They’re both long gone, and the new owners haven’t spent much time there at all having done little more than put up a “No Trespassing” sign that itself is showing its age. I was struck by the romantic aspect of the stalwart microbus rusting away on a once immaculate property now well and truly overgrown. There seemed to be contradiction here for me: the juxtaposition of a vehicle that personified the free-wheeling, anything-goes attitude of a long-dead era with a sign rudely and firmly imposing limitations.
Here's a progress video of "Ol' George" that strings together all of the progress shots that I took while painting it.

I’ve taken a bunch of pictures of the microbus over the last few years with the goal of eventually painting it. Finally, in the spring of 2019, I finally got some pics where the light was at just the right angle and intensity. The light made the windows seen through the front of bus just glow, almost like the vehicle was full of water. 

It was a lot of fun painting the microbus, but not a painting session went by when I wasn’t secretly fantasizing about rescuing “Ol’ George” and restoring him to his former glory.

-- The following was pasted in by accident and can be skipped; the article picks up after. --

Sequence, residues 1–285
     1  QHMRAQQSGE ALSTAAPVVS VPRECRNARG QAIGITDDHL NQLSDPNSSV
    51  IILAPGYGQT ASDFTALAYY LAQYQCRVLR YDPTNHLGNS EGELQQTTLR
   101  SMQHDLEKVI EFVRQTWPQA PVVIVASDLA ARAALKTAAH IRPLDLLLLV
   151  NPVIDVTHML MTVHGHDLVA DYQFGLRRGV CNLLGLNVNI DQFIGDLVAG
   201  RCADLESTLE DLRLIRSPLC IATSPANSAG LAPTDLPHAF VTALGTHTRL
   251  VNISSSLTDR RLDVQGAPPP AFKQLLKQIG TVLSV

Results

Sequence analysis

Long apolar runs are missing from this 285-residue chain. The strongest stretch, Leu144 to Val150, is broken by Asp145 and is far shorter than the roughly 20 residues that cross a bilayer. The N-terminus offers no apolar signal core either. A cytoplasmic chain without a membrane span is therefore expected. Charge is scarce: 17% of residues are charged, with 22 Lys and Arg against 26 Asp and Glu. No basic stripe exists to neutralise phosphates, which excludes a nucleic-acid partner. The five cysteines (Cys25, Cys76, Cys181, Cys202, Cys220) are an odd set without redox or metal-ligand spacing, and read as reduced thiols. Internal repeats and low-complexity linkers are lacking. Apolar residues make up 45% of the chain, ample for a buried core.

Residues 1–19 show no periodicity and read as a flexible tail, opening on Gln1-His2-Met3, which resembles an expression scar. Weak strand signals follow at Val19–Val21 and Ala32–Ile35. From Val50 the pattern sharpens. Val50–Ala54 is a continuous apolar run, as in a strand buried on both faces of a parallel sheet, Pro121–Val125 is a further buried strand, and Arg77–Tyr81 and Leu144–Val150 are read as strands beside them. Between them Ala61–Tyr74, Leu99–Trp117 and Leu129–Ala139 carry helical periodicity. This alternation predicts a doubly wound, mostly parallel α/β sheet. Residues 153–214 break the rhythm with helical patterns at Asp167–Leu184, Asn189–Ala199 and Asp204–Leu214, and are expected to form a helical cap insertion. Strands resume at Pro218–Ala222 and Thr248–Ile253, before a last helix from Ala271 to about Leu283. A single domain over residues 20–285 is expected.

Here I am posing with the original painting of "Ol' George" framed in rustic barnwood.

My Good Luck Charm...

A few years back, my dad surprised me by visiting me at one of my art shows (the Fenelon Falls show to be exact.) We chatted for a while, but when I got busy, he said his goodbyes quietly and left. It was only afterwards that I found this note on my desk. It was torn from the little notebook he always carried with him, and says "Good luck with the Falls Show, Love Dad."

Less than a year later, my father had passed on and, once I was able to put myself back together and get back out on the art show circuit, I took his note with me, and I’ve taken it to every show since as a good luck charm. That was, until this year, when I started getting concerned that it was starting to deteriorate, so I put it away until I could frame it properly. Is it any wonder that my shows this year haven't been as successful?

So here it is finally in a custom oak frame, wedged between two pieces of glass so I can still see both sides of the paper hanging proudly on my wall at the Haliburton Art and Craft Festival. 

My Mail-order Catalogue

If you read the previous section, you may have noticed that I mentioned that my shows this year have not been as successful as they’ve been in other years, and I’m not the only artist to notice it.

Oh, there are lots of theories that I won’t get into now, but before this trend becomes permanent (or something that my good luck charm can’t counteract), I’m going to try and get out in front of it by trying to shift more of my sales online and branch out into new territories at the same time. To this end, I’ve created a mail-order catalogue with a selection of twenty-nine of my most popular paintings. I’m going to be sending out the catalogue across the country to gift shops, boutiques, or galleries and offer them a selection of matted prints at wholesale prices.